Groups want $3 billion for Medicare underpayments

Sustainable growth rate at issue

Representatives from 40 different physician specialties say problems in Medicare’s fee schedule formula have short-changed physicians some $3 billion in legitimate payments over the past two years. They have have formed a coalition to press Congress to correct these alleged mistakes.

Many Capitol Hill insiders say recovering the entire $3 billion is a long shot. However, any money the coalition is able to squeeze out of Congress will be like found money for affected physicians.

At issue is the so-called sustainable growth rate system. Enacted as part of the 1997 Balanced Budget Act (BBA), the sustainable growth rate establishes a target growth rate for Medicare spending on physician services that annually adjusts payments up or down depending upon whether actual spending is below or above the target.

"Despite the fact that Medicare spending on physician services has been growing more slowly than all other Medicare benefits, physicians are the only group subject to this target," notes Robert Doughtery, vice president for governmental affairs with the American College of Physicians-American Society of Internal Medicine in Washington, DC.

Provider groups argue that fundamental flaws in the sustainable growth rate formula have caused major errors in its spending projections.

As the Chicago-based American Medical Association (AMA) recently testified on Capitol Hill, last year the Health Care Financing Admini stration underestimated the gross domestic product by a whopping one-third. This year, the agency estimated Medicare+Choice enrollment would grow by a third, when the actual growth rate only reached 11%.

Combined, these two gaffes cost physicians some $3 billion in otherwise deserved Medicare payments, contend providers.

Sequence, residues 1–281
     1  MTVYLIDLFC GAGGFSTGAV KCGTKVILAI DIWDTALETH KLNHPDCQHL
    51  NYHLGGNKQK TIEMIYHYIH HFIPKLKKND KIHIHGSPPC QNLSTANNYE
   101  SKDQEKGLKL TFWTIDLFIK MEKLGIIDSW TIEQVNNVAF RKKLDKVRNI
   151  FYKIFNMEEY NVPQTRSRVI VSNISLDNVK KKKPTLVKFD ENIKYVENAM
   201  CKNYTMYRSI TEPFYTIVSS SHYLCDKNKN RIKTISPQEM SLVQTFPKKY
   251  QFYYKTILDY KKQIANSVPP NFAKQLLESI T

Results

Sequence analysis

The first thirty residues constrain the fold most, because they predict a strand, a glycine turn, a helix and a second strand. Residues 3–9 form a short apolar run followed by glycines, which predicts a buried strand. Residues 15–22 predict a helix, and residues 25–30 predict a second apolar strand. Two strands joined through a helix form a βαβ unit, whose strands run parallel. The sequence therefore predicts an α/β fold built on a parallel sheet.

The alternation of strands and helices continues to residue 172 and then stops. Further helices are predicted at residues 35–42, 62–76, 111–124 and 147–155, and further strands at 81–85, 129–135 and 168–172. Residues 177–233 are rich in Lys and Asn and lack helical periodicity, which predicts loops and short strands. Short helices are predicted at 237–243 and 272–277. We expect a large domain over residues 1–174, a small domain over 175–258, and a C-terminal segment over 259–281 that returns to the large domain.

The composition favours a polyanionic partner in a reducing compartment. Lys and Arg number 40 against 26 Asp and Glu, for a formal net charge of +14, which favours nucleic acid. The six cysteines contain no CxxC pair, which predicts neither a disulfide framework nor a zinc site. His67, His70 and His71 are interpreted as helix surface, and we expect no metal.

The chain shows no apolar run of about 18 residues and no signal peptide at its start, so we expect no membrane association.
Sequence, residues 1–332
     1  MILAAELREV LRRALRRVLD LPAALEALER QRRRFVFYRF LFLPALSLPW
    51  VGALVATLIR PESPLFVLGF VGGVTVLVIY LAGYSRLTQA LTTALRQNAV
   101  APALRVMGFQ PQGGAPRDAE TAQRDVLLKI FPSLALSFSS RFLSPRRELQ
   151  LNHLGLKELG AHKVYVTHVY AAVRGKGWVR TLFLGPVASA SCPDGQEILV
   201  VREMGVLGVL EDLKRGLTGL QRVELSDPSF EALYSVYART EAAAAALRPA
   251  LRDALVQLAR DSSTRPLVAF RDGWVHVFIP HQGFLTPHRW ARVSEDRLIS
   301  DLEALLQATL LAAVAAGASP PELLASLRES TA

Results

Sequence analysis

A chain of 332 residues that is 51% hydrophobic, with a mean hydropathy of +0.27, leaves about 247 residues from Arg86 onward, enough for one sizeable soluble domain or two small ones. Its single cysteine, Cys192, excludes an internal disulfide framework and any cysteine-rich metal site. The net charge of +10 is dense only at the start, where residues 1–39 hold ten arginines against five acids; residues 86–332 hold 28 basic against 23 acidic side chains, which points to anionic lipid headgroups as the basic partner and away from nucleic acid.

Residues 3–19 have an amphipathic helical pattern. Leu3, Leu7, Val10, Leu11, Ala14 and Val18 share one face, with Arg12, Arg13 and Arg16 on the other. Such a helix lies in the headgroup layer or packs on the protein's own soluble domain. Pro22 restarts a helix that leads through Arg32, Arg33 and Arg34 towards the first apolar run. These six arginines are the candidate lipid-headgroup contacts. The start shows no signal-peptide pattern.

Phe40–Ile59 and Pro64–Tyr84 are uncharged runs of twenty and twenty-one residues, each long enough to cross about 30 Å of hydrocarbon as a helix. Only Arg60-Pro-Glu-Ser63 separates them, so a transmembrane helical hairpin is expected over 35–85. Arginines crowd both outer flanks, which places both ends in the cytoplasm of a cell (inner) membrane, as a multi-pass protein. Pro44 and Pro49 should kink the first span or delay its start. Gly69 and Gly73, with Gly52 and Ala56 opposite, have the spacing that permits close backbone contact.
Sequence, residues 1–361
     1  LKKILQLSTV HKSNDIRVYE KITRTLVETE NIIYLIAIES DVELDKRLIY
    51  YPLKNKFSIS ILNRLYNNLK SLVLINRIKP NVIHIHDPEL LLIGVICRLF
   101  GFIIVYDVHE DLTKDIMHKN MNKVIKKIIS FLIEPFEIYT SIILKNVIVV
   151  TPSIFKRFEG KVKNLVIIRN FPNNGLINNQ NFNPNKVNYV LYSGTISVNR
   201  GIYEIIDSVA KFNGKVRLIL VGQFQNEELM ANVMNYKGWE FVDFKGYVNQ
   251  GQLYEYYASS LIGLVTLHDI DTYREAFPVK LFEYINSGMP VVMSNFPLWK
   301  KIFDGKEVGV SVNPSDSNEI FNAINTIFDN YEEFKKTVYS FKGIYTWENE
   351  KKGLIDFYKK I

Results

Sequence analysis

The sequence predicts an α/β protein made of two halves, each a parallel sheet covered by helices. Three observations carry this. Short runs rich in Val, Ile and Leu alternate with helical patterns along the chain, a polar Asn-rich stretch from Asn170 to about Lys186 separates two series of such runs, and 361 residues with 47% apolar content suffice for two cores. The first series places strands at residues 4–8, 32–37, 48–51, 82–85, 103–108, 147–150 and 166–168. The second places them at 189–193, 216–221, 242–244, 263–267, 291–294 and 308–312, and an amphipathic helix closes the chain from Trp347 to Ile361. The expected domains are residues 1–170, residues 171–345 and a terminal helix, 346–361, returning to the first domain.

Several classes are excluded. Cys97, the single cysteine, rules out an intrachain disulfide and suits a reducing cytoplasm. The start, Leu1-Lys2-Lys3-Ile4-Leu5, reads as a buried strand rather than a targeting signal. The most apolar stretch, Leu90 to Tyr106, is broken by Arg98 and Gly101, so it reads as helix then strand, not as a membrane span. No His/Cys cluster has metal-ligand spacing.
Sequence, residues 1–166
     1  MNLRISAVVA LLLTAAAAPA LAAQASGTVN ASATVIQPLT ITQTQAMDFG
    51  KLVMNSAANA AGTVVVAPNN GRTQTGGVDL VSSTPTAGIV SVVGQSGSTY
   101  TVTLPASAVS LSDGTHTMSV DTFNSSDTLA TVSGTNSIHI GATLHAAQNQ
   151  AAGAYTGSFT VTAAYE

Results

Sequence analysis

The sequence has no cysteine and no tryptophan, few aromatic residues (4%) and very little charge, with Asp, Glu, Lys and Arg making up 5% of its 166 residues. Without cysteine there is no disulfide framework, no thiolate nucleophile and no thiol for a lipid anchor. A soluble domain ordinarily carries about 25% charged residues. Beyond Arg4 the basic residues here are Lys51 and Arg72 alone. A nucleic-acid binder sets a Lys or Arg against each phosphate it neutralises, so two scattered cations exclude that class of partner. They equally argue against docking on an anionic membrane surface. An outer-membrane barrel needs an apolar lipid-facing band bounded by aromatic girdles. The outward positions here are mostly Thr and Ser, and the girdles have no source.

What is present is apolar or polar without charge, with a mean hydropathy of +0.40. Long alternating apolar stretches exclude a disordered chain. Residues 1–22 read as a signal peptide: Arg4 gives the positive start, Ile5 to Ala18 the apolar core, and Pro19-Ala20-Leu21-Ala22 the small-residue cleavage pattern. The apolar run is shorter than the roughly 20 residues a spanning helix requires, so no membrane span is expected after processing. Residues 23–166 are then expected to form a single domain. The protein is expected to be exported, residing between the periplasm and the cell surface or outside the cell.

Bad estimates pegged as culprit

In testimony before the House Commerce subcommittee on health and environment, Richard F. Corlin, MD, said: "Physicians — regardless of specialty — are unanimous in our concern that payment cuts due to flaws in the sustainable growth rate, on top of more than a decade of previous cuts, could threaten our ability to continue to offer Medicare patients the finest medical care in the world."

Providers want Congress to cough up so-called give-backs, erasing some of the funding cut by the BBA for hospitals, skilled nursing facilities, home health, and other Part A providers. Physicians are pressing an equity argument to get the sustainable growth rate shortfall included in any budget revision bill.

One congressional champion of the campaign to revise the sustainable growth rate is Rep. Greg Ganske, MD (R-IA), who took HCFA to task at the September House hearing for not correcting the problems with the formula faster and failing to respond to provider complaints.

Changes in fee schedule sought

Providers want Congress to authorize payment of the $3 billion they say was mistakenly not included in Medicare’s physician fee schedule payments over the past two years, then implement changes in the formula already recommend by the Medicare Payment Advisory Committee (MedPAC). MedPAC’s suggested changes would:

1. Create an add-on to the sustainable growth rate formula allowing for technological changes in medicine that increase the demand for physician services.

2. Create an add-on to the formula to account for the rising cost of ambulatory care practice, brought on by the shift in care from hospital inpatient settings to outpatient sites.

3. Instruct HCFA to periodically adjust the formula to allow for changes over time in the characteristics of patients enrolling in Medicare+Choice plans compared to those remaining in the fee-for-service program.

4. Raise the lower limit on formula updates to provide a more acceptable floor on payment updates.

5. End formula projection errors by giving the administration the authority to change projections as new Gross Domestic Product (GDP) data become available or by requiring the administration to update the formula using actual GDP data.